Six Tips to Avoid Mail-Related Check Fraud

posted by Mike Burke on Monday, April 17, 2023 in SHAZAM Blog

Recently, the Financial Crimes Enforcement Network (FinCEN) issued an alert to financial institutions about a nationwide surge in check fraud schemes targeting the U.S. mail. In fact, last year, reports of mail-related check fraud nearly doubled the number of filings in 2021.  

To carry out their crimes, fraudsters typically target United States Postal Service (USPS) blue collection boxes, unsecured residential mailboxes, and privately owned cluster mailboxes at apartment complexes, planned communities and commercial businesses. They then use mail theft techniques including forced entry, fishing devices and stolen USPS master keys.  

After criminals get their hands on stolen checks, they alter or “wash” the checks, which is known as check washing. Through this process, fraudsters often forge new dollar amounts, reproduce and sell checks on the dark web or create counterfeit checks using routing and account information from the original.  

To cash in on their crimes, these brazen lawbreakers cash or deposit checks at financial institutions, ATMs or by remote deposit. 

Despite the increase in mail-related check fraud, there are tips to help you and your accountholders lower the risk.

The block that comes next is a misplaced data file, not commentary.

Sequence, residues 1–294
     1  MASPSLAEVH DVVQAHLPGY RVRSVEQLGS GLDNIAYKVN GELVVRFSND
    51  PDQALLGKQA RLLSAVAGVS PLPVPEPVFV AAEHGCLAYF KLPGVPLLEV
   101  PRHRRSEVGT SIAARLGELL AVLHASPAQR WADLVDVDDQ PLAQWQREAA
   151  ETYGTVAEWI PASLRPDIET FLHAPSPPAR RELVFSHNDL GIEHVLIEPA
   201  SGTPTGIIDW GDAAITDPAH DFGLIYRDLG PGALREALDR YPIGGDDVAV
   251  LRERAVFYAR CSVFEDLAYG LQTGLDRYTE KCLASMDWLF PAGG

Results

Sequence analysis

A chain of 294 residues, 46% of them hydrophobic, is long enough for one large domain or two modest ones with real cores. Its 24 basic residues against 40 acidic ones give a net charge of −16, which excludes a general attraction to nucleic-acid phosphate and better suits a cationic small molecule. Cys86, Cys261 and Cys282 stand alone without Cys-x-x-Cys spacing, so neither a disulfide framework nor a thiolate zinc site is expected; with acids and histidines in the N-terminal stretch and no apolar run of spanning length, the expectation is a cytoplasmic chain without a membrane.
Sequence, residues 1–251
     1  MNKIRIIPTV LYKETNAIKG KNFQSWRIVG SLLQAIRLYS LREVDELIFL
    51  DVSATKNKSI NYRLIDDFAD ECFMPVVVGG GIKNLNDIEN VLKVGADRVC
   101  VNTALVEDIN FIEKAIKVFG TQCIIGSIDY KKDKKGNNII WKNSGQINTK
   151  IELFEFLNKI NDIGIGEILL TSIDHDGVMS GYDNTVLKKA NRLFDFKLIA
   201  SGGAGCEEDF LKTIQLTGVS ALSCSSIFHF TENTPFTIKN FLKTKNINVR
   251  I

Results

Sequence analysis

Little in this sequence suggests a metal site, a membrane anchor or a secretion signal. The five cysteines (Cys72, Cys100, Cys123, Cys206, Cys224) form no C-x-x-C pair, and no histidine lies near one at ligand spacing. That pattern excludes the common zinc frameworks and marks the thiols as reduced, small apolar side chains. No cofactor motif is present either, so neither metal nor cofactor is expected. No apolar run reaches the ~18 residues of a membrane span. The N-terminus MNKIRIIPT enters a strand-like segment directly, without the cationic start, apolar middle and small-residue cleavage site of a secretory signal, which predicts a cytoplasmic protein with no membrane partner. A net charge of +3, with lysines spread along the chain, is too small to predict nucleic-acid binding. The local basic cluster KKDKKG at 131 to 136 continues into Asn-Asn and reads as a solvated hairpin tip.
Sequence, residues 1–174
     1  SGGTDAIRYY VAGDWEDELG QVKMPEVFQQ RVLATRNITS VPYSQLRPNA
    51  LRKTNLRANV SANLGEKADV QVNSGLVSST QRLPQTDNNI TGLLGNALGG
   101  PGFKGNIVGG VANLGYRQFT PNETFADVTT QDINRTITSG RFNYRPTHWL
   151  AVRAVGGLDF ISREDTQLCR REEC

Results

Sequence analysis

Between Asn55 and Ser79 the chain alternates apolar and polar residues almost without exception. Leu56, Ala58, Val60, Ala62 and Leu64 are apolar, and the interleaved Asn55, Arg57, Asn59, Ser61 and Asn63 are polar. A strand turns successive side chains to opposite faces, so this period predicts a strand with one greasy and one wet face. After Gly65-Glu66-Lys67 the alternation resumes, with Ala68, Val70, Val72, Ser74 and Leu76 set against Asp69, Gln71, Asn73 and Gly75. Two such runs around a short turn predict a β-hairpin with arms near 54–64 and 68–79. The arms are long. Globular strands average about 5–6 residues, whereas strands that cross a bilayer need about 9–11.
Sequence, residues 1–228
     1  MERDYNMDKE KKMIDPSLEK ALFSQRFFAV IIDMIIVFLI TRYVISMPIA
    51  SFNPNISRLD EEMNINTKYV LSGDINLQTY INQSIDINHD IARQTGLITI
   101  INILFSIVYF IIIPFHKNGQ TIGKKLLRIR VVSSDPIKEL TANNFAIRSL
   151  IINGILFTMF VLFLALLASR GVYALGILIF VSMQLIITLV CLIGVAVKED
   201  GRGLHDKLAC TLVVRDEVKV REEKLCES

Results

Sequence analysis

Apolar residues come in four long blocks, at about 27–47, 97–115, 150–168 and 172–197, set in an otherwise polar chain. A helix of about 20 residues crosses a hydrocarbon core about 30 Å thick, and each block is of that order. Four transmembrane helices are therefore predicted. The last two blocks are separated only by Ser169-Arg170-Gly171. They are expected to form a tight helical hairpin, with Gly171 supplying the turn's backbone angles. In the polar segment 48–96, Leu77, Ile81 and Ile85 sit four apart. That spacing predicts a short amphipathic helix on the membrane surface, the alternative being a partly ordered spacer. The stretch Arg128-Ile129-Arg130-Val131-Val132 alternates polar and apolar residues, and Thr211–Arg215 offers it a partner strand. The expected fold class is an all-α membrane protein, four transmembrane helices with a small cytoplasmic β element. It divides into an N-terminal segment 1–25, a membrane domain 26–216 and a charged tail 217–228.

Check Fraud Considerations  

  1. Use a black ink gel pen when filling out checks. Gel pens penetrate the check paper, making it harder to wash.
  2. Use online bill pay whenever possible.
  3. Never leave a check in outgoing mail in an unlocked mailbox (for example, a mailbox next to front door or at the end of the driveway). 
  4. If you use a USPS collection box to mail outgoing checks, make sure the pickup time is within the next few hours. Collection times are posted on the box. 
  5. Keep in mind that the most secure way to mail a check is to take it directly to the post office. 
  6. Frequently monitor bank statements for irregularities. 

If you or an accountholder becomes a victim of check fraud, report it to the United States Postal Inspection Service (USPIS). For more tips about how to protect against mail theft, read these tips from USPIS.  



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